There are people I was very close to at the time who didn’t go that route and found themselves in very different places. I had someone close to me pass away from addiction a few days before my birthday this year. We lived similarly back then. Throughout the last nine years, he would reach out to me through various stints in rehab. The way that his life went was a very stark reminder for me of the other path my life could have taken.
I started therapy as soon as I got sober, and I’ve been going to therapy for the last nine years. We need to normalize therapy. Therapy helped me get to the root of the issues. I had to go through the process of unraveling what I did to grasp and understand how much this affected my life fully.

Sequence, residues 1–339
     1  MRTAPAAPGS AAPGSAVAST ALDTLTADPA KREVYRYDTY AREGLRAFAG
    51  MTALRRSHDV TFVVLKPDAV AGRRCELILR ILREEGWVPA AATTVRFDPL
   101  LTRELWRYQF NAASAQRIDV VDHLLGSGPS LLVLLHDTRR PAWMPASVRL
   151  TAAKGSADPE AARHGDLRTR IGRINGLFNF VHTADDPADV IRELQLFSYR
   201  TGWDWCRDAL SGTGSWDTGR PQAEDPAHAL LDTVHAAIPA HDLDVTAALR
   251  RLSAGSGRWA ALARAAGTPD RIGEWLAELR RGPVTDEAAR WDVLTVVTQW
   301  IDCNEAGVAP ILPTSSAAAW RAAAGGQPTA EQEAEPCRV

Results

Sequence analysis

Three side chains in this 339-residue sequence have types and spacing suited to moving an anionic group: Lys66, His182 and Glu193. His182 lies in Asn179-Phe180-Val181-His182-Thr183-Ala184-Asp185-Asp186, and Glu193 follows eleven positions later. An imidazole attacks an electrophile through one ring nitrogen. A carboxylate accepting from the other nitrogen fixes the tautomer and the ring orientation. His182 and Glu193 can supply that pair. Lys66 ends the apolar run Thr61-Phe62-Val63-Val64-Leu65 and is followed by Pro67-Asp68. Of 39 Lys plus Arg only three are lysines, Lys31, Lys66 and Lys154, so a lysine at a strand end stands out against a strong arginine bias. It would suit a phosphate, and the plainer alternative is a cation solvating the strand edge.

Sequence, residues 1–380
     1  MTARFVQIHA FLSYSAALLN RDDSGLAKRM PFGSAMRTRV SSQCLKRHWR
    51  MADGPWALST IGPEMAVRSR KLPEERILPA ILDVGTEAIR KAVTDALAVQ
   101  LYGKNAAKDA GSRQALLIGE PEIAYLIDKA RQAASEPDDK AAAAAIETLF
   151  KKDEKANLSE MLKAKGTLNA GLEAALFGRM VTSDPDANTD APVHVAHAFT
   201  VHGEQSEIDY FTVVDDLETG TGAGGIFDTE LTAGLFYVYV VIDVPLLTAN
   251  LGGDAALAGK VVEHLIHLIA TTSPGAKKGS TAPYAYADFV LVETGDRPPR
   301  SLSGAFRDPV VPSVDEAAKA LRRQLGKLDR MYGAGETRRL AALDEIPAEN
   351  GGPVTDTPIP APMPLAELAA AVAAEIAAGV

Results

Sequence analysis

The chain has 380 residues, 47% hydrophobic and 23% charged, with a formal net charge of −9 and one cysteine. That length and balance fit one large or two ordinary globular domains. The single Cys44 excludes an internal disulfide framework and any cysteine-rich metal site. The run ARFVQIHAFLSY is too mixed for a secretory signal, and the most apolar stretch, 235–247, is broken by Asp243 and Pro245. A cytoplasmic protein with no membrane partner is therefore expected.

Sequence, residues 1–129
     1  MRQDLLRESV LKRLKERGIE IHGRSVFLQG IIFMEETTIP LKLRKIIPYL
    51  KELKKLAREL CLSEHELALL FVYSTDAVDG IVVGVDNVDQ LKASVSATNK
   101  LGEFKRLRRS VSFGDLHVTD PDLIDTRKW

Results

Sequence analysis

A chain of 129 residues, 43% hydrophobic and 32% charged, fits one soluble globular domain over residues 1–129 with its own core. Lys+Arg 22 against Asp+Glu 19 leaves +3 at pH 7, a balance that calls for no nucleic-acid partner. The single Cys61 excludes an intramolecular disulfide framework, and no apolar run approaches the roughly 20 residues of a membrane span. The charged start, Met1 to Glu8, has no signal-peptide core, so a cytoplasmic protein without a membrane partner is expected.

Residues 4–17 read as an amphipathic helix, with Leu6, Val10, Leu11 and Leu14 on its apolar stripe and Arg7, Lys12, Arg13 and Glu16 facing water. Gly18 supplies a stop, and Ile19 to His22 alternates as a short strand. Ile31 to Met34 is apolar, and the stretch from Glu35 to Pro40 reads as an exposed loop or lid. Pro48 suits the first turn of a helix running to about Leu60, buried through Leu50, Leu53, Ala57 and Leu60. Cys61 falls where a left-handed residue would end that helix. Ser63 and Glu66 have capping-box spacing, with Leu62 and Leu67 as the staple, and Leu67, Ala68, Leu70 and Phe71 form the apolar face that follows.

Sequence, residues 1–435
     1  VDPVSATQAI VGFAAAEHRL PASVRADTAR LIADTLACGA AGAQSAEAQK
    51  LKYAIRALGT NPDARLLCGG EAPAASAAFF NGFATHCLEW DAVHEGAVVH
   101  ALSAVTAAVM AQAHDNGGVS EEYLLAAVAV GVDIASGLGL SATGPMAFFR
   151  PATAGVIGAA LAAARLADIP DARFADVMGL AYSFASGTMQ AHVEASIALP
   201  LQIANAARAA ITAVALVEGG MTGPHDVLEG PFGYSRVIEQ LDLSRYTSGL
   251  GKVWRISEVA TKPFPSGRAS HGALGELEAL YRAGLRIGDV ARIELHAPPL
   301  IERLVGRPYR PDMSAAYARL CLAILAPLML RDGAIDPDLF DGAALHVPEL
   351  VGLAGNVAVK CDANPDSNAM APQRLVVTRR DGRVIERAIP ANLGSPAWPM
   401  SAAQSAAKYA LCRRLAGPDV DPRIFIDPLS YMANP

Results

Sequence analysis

Another very valuable thing about getting sober is learning to get in tune with yourself. Who are you without this substance or this drink? Boundary setting is also a crucial lesson. It’s okay to leave the event early, and it’s okay to say, “No, I don’t have the energy to attend an event or a party.”
One of the other gifts of being sober is peeling the layers of who I am, what I’m passionate about, and what I want to do with my life. I learned that it’s okay to let go of things that I once believed defined me. In 2020, unrelated to the pandemic, I stepped down from the day-to-day at Small Girls PR. This is a PR agency that I had founded 10 years prior that I poured my identity into and what everyone knew me as.